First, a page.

For hard-core Star Wars fans, even LEGO’s latest incarnation of the iconic X-34 landspeeder leaves something to be desired, with all it’s studs and tubing. Over the years, various builders have crafted their own versions, often with entertaining results. But now expert car builder Calin has created probably the classiest minifig scaled version of this vehicle to-date.
At first you’re drawn in by the color scheme, patterning and smooth surfaces. But then the details hit you: the brick-built turbines, the exposed wiring, the front hitch, and the use of a bucket handle piece for the pilot’s controls. Of course, the builder has chosen to keep that sweet curved windscreen piece, for which there’s just no substitute.
Apart from a few manufacturers of exotic sports cars and an assembly plant for Minis, the Netherlands don’t have much of a car-building industry. Things are different when it comes to trucks, however, with the Eindhoven-based truck builder DAF being market leader in several European countries. Dutchman Nanko Klein Paste has built several DAFs in the last few years. His latest is a classic T 2400 DO, which represents an early attempt by DAF at building a truck for the international market.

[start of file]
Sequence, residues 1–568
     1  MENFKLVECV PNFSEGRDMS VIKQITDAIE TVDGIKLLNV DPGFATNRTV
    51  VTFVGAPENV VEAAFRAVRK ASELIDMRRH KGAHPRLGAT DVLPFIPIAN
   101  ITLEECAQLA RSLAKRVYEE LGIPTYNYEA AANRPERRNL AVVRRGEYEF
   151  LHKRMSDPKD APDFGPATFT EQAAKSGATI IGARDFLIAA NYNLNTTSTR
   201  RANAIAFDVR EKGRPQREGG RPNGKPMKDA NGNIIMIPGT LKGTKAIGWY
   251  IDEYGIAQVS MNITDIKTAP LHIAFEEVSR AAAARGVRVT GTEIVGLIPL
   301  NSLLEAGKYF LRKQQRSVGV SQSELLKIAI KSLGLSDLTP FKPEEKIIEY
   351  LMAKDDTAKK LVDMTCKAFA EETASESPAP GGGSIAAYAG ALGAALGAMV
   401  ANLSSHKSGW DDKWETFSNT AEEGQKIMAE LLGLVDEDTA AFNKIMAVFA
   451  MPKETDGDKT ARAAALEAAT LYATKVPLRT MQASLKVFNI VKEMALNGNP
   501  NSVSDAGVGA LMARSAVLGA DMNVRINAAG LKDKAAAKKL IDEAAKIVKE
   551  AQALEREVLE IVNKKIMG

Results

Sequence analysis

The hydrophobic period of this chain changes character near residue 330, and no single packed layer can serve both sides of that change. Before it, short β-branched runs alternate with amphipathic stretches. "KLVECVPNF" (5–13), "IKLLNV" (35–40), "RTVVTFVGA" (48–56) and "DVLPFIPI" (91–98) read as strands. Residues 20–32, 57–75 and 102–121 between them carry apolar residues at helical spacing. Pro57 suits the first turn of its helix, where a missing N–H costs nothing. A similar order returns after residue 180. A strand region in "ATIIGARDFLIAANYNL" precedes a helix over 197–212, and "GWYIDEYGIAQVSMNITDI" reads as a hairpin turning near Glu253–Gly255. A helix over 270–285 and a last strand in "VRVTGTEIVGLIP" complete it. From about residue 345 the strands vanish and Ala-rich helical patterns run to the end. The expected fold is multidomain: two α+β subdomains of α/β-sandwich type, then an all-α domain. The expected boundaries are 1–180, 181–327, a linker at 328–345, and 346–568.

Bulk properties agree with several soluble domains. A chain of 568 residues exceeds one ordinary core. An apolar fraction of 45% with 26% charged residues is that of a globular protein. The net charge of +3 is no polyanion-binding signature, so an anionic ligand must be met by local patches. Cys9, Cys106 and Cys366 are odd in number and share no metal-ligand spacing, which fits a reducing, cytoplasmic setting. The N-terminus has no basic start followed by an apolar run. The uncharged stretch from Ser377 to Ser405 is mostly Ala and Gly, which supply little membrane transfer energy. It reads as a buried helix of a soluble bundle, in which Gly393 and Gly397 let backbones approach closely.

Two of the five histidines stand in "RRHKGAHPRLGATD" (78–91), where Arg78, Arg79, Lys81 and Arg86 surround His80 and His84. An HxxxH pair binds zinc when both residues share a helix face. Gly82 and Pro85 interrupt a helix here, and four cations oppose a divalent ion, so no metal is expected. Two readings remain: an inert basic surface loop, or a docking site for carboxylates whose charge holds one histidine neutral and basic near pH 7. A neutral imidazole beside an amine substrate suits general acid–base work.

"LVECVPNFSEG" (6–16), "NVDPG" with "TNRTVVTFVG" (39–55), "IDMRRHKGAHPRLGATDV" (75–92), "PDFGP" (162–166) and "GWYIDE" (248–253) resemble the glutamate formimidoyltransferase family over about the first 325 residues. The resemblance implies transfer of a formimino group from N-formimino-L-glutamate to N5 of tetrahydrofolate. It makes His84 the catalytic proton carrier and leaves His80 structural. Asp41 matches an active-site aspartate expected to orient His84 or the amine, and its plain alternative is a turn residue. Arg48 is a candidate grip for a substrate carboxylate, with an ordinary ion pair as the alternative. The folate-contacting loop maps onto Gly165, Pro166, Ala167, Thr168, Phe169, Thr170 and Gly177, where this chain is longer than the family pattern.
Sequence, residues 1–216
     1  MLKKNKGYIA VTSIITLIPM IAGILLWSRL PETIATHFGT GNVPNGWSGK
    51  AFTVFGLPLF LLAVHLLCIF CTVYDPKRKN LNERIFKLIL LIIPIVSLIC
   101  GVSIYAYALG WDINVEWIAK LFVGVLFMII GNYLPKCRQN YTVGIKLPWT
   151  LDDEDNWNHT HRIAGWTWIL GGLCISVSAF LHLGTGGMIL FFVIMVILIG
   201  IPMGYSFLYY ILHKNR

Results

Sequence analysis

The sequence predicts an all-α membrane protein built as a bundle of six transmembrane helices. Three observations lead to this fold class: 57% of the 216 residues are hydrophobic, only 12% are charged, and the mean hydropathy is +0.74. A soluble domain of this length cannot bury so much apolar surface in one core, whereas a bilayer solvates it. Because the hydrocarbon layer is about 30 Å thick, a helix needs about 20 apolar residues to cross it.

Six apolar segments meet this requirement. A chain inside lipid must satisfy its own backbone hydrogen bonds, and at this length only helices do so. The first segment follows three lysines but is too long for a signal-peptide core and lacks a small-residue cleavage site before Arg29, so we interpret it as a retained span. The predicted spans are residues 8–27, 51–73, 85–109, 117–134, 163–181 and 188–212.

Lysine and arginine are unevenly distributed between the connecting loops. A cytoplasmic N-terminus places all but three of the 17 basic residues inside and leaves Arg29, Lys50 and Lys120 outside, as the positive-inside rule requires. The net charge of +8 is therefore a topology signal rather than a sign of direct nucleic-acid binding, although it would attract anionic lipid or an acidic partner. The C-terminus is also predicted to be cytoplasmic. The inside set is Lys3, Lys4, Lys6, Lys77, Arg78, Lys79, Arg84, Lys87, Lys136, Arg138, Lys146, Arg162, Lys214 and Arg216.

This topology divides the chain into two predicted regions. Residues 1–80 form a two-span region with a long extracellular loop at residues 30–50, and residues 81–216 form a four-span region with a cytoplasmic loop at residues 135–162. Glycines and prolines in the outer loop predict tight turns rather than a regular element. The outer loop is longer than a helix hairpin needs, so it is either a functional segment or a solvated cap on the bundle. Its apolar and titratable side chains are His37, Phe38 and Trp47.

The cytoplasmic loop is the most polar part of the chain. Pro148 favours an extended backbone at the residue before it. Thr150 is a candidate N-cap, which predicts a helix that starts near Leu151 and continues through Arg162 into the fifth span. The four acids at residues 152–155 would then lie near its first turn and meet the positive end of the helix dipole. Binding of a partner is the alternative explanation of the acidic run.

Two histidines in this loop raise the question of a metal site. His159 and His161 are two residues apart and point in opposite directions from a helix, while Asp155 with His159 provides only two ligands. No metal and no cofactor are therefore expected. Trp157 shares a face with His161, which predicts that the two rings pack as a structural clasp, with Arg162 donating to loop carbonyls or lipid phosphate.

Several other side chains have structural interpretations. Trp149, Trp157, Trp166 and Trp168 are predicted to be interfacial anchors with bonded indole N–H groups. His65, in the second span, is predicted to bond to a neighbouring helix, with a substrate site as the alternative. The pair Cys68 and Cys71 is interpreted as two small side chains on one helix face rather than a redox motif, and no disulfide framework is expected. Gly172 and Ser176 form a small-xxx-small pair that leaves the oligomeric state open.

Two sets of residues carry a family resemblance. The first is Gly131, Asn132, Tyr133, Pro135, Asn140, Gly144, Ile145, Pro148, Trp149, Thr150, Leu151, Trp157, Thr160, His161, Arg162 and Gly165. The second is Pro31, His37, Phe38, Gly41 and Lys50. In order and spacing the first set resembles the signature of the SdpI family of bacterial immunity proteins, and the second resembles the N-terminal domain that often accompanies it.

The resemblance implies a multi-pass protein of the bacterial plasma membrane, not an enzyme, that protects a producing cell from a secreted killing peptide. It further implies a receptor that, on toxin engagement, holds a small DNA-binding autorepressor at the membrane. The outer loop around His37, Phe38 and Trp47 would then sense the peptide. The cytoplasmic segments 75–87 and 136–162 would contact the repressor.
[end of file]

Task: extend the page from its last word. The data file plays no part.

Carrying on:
Versions of this truck were in production until 1975 and when I was a child they were still a fairly common sight on Dutch roads. The characteristic sloped front of the cab is particularly well captured. This classic model is flanked by a modern XF105, in the livery of the heavy lifting company Mammoet (Mammoth), which makes for a particularly nice comparison between the two generations.
There’s still one lazy Sunday left to enter the TBB Chibi Micro Contest! We’ve seen tons of fantastic ‘Chibi Micro Fighter’ versions of lots of planes, trains and automobiles from all over the film, television and videogame properties. But don’t forget, you can also rebuild your favorite LEGO sets too!
Here’s a round up of some of my favorite LEGO sets, now in Chibi form:
A Classic Space set the 6989 Mega Core Magnetizer by Andrew Lee (onosendai2600):
One the newer Space sets: 7066 Earth Defense HQ by John Kupitz (Phuonom):
And last but not least, 9446 Destiny’s Bounty by Robert4168
So break out those bricks! You have one more day to build something. Full rules and entries can be found in the Chibi Micro Flickr group.
I’m a firm believer that adding ‘Space’ to anything makes it more awesome. So what do you get when you add Space to trucks (which are already awesome), you get Jason Corlett‘s epic Space Truck:
Lucie Filteau built this model as a Christmas present for her brother-in-law, who owns a Vespa. Lucie has done a great job capturing the iconic look and feel of a vintage Vespa. Her choice of scale is spot-on as those complex slopes accurately mimic the clean lines of actual vintage Vespas and make this build really believable. I have to say that I’m rather jealous of her brother-in-law!